If we find that we have been leaving thanksgiving out of our lives, if we have been allowing ourselves to grumble instead of praise, if we have indulged in unhappiness instead of in gladness—we should instantly set about the breaking of a new path, a thanksgiving path. It will not be easy at first, for gloomy dispositions when long indulged persist in staying in our lives. But they can be conquered, and we should not pause in our effort until we have trained ourselves entirely away from everything that is cheerless and ungrateful, into the ways of joy and song.

There are many encouragements to a life of thanksgiving. For one thing, it makes life much happier. The person who indulges in fretting and complaining—is missing much that is loveliest, both in character and in experience. The tendency of such a life is toward gloom and depression, and these qualities in the heart soon show themselves on the face and in the manner. Light is the emblem of a beautiful life—but ingratitude is darkness rather than light. If we would be happy—we must train ourselves to be grateful. Ingratitude makes life dreary for us.

Another reason for cultivating the thanksgiving spirit, is because of its influence on others. Nobody loves a sullen person. We are exhorted to think of "whatever things are lovely," and cheerlessness is not lovely. If we would have people like us, if we would attract them to us and have good influence over them—we must cultivate happiness in all our expressions. There are many people who have formed the habit of unhappiness. They may be good and honest—but they have not learned the lesson of gladness. And they are not helpful people. They are not diffusers of joy.

We are as responsible for our faces—as we are for our dispositions. If we go about with gloom on our countenances, we will cast shadows over others and make life harder for them. No one can be a real blessing to others, until he has mastered his gloom and has attained the thanksgiving face. No one can be of very much help to others, if he carries discontent and anxiety on his countenance. We owe it to our friends, therefore, as well as to ourselves, to form the habit of thanksgiving.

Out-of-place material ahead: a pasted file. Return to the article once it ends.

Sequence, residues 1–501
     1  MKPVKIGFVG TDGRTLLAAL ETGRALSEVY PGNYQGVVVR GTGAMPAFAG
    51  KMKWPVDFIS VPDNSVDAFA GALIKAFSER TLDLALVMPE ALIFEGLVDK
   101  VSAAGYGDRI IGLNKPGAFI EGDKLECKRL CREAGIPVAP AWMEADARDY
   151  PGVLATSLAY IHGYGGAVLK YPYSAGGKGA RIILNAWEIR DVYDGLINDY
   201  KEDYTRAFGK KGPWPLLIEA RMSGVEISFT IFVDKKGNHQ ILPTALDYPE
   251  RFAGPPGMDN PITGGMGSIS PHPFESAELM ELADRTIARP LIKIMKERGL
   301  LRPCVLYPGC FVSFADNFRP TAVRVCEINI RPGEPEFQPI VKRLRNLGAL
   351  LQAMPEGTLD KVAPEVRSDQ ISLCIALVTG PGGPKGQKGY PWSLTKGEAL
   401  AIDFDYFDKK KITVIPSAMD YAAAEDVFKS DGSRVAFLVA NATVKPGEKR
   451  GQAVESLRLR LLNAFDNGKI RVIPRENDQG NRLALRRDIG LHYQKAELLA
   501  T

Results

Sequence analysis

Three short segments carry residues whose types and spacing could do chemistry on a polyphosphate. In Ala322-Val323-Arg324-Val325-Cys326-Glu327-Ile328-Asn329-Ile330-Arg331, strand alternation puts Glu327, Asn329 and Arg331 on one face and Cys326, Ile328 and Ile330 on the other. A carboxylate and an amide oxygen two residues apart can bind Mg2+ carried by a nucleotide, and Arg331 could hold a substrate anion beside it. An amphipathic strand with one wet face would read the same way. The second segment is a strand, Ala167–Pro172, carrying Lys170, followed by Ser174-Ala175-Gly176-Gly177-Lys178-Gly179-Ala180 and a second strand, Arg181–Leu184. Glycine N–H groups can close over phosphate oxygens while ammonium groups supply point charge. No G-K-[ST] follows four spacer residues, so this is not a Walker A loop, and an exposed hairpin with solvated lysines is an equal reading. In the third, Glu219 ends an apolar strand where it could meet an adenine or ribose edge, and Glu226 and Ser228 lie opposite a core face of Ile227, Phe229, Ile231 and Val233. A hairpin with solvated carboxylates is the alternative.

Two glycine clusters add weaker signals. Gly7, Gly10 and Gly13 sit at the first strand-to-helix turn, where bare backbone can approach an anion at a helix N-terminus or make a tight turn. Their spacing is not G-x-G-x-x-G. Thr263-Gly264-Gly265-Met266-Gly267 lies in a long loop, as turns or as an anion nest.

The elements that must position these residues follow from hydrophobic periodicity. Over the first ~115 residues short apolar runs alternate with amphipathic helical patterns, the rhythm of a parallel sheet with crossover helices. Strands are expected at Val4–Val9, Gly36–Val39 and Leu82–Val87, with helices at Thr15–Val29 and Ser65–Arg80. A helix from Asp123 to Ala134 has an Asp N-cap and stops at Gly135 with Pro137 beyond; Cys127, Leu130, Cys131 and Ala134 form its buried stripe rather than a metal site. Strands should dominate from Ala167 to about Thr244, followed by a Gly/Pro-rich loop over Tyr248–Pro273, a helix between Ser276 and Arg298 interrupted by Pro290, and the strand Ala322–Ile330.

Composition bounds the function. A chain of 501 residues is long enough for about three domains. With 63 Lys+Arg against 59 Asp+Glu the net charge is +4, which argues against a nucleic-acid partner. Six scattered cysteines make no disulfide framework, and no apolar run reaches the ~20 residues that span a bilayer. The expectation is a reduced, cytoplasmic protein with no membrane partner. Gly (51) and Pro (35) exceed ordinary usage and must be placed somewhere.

There are those who have learned this lesson so well, that wherever they go they make happiness. Their lives are blessings.

It ought not to be hard to train one's self to be grateful. There would seem to be reason enough in every life, for continual thanksgiving. True, there are days when things may seem to go wrong—but it is only in the seeming. There is not doubt that all our circumstances bring blessings, which we may have if we will. The hardest experience of any day, enfolds in it, a gift from God—if only we receive it in faith and love. We think of the sunny days as being good days, and we call unpleasant weather bad. But if we understood it, we would know that God sends to the earth just as rich blessings in His clouds—as He does in His sunshine. The clouds bring rain, and after the rain all nature appears clothed in fresh beauty. A simple, childlike faith sees God in everything, and is ready always to give cheerful thanks, even when the reason for the thanksgiving may not be apparent.

Indeed, we shall some day see that many of the richest and best blessings of our lives, have come to us through experiences and circumstances which to us seemed adverse, and from which we shrank. There is an old promise which says that to those who love God—all things work together for their good. All we have to make sure of—is that we keep ourselves in the love of God. If we do this, everything which comes to us will bring its enriching in some way, and out of the painful things—our lives we will gather the best blessings and the deepest joys.

We shall not have many miles at the most—of the rough, steep road. In a few years we shall have gone over it all, and shall have come out into a place where there shall be nothing to vex or disturb us. And such gladness waits for us, such blessing, that one hour there—will make us forget all the sorrow and pain and toil of the way!